The Beatles make a return in picture form to the old ABC Cinema, where they played in 1963
The much-loved picture house has been decorated with pictures of The Fab Four, Bill and Ted and Jimi Hendrix.
The Beatles and Bill and Ted now adorn Plymouth’s cherished but closed-down Reel Cinema – and could provide a clue to its future.
Ambitious plans have already been unveiled to relaunch the venue as a picture house and a live music venue.
Artists have decorated the empty building with pictures of the Fab Four, Bill and Ted, Jimi Hendrix, a ska figure and the Ghostbusters logo.
The Beatles played there back in 1963.
The Royal Cinema Trust last year submitted a pre-planning application to Plymouth City Council to convert the old picture house and bingo hall at Derry’s Cross.
It talks of a three-screen “vintage community cinema”, a restaurant, café, bar, and “variable capacity music and events venue” to hold between 700 and 1,200 people.
Things have gone rather quiet since October – though security has been tightened up and the lights have been showing rainbow colours in support of the LGBTQ+ community.
Mike Vosper, of Plymouth’s Artists Together group, which has decorated the building with the pictures, said it was “not abandoned”.
He posted on Facebook: “The artwork is provided by members of PAT as a way to show people that there are some great plans for its future if you look at the artwork closely.
“I don’t know much about the plan but was told when I requested space that the art needs to be either music, movies or art deco related. We did the Beetles as they played there in 1963. The other art is along those themes.”
Volunteers created the art with permission from what Mike called the “new landlord”. But he said the person or group was not yet ready to reveal its plans.
PAT formed last August on Facebook and has now got 1,200 members with about 200 active artists.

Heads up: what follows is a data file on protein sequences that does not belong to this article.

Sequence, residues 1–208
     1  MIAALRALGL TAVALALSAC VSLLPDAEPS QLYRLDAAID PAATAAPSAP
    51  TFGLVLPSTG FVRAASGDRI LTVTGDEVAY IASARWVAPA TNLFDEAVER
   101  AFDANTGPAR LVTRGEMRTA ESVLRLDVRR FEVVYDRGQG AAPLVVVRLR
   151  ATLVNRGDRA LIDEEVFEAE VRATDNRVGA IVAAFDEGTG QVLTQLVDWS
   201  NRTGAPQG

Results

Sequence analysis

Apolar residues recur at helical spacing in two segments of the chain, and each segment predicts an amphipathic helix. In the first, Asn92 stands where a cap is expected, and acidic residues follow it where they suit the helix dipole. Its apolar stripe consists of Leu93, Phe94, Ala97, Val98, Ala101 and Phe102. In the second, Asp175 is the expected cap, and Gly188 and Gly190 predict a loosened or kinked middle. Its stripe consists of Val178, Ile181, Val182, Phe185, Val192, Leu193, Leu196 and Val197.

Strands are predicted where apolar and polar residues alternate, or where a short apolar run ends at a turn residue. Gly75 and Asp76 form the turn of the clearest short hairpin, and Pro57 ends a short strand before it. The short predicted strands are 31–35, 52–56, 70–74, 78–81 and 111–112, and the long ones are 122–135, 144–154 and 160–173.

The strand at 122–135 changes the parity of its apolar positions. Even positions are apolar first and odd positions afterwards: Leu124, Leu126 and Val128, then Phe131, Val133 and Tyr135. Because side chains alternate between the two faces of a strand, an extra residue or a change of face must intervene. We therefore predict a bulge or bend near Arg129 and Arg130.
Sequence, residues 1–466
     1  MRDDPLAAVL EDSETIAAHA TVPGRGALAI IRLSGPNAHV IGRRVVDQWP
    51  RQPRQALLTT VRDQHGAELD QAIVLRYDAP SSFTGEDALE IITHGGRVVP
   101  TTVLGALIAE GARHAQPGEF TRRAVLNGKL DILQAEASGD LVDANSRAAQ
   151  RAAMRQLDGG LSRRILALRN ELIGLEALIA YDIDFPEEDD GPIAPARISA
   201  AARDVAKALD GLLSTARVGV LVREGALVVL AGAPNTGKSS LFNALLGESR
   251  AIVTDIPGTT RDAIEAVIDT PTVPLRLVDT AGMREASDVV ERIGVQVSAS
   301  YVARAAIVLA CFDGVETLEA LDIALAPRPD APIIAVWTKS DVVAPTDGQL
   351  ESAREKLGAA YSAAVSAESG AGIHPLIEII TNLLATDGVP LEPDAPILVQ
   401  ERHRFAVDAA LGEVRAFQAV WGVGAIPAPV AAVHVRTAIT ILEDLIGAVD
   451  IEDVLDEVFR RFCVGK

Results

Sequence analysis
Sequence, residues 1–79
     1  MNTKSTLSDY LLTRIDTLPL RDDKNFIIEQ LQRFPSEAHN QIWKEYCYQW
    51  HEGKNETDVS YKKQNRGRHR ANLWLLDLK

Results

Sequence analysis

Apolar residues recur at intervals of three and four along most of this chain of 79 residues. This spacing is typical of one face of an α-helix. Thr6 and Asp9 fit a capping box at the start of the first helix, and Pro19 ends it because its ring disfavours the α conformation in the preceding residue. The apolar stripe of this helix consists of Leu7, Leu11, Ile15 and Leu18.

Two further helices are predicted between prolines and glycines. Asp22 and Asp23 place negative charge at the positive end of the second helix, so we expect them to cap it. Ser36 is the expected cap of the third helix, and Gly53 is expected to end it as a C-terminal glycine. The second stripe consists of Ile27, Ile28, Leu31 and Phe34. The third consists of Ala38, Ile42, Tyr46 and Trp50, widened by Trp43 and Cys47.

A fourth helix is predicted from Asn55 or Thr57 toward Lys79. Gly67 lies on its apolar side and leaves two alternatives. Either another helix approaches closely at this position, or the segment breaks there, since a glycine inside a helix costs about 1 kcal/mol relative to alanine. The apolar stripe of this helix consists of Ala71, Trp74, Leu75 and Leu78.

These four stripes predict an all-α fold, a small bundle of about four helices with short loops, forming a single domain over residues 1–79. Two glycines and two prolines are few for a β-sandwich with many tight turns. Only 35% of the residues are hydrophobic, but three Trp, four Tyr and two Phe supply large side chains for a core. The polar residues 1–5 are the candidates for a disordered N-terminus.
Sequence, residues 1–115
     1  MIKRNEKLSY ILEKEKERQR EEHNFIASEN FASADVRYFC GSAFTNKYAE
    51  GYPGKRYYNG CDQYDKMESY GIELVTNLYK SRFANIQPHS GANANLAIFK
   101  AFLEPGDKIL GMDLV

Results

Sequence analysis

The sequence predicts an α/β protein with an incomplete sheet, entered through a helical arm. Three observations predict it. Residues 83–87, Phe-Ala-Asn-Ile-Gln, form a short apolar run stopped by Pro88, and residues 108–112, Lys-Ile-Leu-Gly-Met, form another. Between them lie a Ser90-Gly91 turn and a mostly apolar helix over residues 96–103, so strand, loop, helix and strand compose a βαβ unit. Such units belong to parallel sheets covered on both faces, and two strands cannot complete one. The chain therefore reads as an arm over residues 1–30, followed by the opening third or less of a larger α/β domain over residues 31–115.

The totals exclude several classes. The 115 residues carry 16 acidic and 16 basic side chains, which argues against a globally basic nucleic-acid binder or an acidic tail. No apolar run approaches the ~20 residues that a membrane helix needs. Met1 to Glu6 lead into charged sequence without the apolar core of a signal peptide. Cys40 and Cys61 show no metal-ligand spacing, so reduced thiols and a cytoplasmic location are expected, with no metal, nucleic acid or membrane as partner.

He said new CCTV cameras and lights have been installed for over 6 months. An automated voice warns people walking along the pavement that they are being observed.
PlymouthLive has been unable to reach The Royal Cinema Trust – but the pictures are a good sign of the venue’s planned future use.
The building, and its adjoining former Gala Bingo hall, may be old but it is neither listed nor in a conservation area, and there have been proposals to tear it down to make way for flats in 2017.
The cinema closed in February 2019, having last been used by the Reel Cinemas Ltd group. It marked the end of 81 years of entertainment at the venue, which also saw top musical acts including The Beatles, Tom Jones, Elton John, Eric Clapton and Sacha Distel, trod the boards.
Reel Cinema bosses said the movie house would no longer be a viable option once Cineworld opened a 12-screen multiplex at nearby Bretonside in late 2019.
The Royal Cinema Trust wants to develop a capital investment plan to purchase the cinema on the open market under the rights guaranteed by its status as an Asset of Community Value.
It takes its name from one of the old names for the picture house, which was for many years operated by ABC.
The trust wants to develop a community-led operational plan and business plan for the ongoing operation of the building as a self-sustaining organisation.
Built on the site of the old Theatre Royal, the Royal Cinema was built for and operated by Associated British Cinemas (ABC) opening in 1938 with Katherine Hepburn in Stage Door, and Cesar Romero in Dangerously Yours.
Faced in white Portland stone, in an Art Deco style, originally it had a seating for 2,404. It was re-named ABC in 1958 and hosted The Beatles and other pop acts during the 1960s.
The ABC was turned into a triple-screen cinema and bingo club in 1977. It was later owned by Cannon Group and MGM until a management buy-out brought the name ABC back in the mid-1990s. In 2006, it was acquired by the Reel Cinemas group.